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I found this interesting article regarding the photograph of a First Nation woman mourning at a memorial for residential school survivors.

Disclosure: I have four images on this subject on Alamy, no one is identifiable. Personally, I find this is disgusting. Here is the link.

https://www.cbc.ca/news/canada/british-columbia/mourning-photo-getty-images-1.6120168

 

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I don't find it disgusting, maybe a little insensitive.

I would be careful not to put limitations on what and what can't be taken in a public space, that would be the thin end of the wedge to ban photography of people in a public all together.

There are far worse images than this taken practically on a daily basis of people in much more distress and grieving situations.

Edited by BobD
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She's identifiable, sure, but not identified- hand over face, in a public space, at a public event. That isn't really a "private moment". And if we couldn't move news images into stock things would be even leaner around here.

Edited by spacecadet
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I think it's a strong picture and if it is used widely editorially then that can only be helpful in highlighting the appalling plight of the inmates of that school. Her face is partially hidden and the picture captures her genuine emotions rather than misrepresenting her. Her complaint seems not so much the picture but that that the photographer and the agency have profited from it but that is of course how professional news and documentary photography works.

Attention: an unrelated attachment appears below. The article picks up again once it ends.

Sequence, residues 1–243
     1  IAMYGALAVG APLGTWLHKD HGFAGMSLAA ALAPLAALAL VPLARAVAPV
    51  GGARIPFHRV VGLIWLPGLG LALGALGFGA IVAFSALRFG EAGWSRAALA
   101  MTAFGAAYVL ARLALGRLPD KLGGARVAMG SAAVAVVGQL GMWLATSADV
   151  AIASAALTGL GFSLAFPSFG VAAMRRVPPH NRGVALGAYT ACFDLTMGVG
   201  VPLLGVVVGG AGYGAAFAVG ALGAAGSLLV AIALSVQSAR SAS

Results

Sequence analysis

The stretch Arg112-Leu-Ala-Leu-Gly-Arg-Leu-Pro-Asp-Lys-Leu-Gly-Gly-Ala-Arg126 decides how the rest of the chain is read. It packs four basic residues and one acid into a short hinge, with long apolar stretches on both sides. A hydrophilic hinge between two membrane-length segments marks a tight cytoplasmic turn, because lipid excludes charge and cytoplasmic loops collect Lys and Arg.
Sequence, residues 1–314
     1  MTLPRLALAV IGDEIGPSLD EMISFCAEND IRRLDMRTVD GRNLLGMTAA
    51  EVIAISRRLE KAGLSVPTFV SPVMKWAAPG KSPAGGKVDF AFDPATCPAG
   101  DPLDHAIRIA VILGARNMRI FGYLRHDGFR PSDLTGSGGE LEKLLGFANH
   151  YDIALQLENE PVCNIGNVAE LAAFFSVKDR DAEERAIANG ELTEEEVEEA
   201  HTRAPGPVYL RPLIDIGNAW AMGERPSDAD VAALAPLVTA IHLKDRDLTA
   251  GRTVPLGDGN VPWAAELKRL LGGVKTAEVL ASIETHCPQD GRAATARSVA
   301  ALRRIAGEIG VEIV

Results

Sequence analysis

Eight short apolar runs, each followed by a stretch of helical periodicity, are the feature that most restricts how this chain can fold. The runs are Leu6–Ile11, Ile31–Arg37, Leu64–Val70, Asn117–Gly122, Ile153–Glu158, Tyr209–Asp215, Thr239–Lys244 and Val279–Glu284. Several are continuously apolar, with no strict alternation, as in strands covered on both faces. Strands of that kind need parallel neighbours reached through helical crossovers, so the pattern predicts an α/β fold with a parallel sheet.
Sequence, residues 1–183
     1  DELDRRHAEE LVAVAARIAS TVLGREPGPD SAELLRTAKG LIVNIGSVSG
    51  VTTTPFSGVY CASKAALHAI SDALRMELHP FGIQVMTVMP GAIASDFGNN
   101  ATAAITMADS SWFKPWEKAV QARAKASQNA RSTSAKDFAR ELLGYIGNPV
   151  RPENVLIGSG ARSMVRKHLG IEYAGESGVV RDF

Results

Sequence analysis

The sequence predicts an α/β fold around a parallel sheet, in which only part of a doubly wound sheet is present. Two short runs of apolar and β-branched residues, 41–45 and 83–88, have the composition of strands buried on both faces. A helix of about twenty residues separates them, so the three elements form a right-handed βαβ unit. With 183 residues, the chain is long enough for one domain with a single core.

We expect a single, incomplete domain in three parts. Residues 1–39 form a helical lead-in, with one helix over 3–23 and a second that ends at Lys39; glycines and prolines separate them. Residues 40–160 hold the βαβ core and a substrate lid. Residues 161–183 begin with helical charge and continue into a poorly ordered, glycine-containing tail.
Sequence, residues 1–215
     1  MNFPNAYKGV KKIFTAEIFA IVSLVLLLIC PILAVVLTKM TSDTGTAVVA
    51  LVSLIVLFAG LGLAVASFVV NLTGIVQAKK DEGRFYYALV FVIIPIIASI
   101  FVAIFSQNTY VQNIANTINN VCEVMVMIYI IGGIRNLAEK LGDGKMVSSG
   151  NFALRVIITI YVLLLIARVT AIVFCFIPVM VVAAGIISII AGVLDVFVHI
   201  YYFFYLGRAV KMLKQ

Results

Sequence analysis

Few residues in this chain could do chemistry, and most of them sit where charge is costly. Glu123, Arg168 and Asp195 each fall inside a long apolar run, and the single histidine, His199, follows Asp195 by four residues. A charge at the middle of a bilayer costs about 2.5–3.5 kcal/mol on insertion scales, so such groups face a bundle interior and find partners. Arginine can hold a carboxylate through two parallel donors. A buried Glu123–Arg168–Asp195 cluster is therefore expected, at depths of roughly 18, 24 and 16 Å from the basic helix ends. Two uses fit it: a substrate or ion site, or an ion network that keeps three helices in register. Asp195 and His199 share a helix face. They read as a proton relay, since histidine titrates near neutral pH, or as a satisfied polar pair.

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24 minutes ago, BobD said:

I don't find it disgusting, maybe a little insensitive.

I would be careful not to put limitations on what and what can't be taken in a public space, that would be the thin end of the wedge to ban photography of people in a public all together.

There are far worse images than this taken practically on a daily basis of people in much more distress and grieving situations.

+1

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So then, I take it that you be OK with someone photographing you crying at a public memorial, just as long as there was a buck to be made?

Yes, there are far more distressing news photos being taken every day, but those are hard news. (Think riots, wars, catastrophes etc). This is a photo of a woman in a private moment.

I find it disgusting for anyone to be insensitive, even a little.

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2 minutes ago, BobD said:

How can you have a private moment in a public space. surrounded by people.

Oh, I don't know. Maybe by covering your face and crying? 🤔 

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It's an article that is sensationalist in tone, the quote from Getty seems to cover it really:

 

Getty Images says they "endeavour to maintain the balance of an individual's right to privacy with our obligation to cover the story in the public interest of exposing difficult issues." They note the image is available for editorial use only, meaning it can only be used by news outlets covering stories that are of general public interest. 

 

The screengrab gives the impression that it's being licensed for $575, we all know that will be very far from the truth. The photographer, Mert Alper Davis, covers all sorts of news events and I'm sure his motivation is to get the best pictures for his agency. 

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The tone of the article is far from unbiased.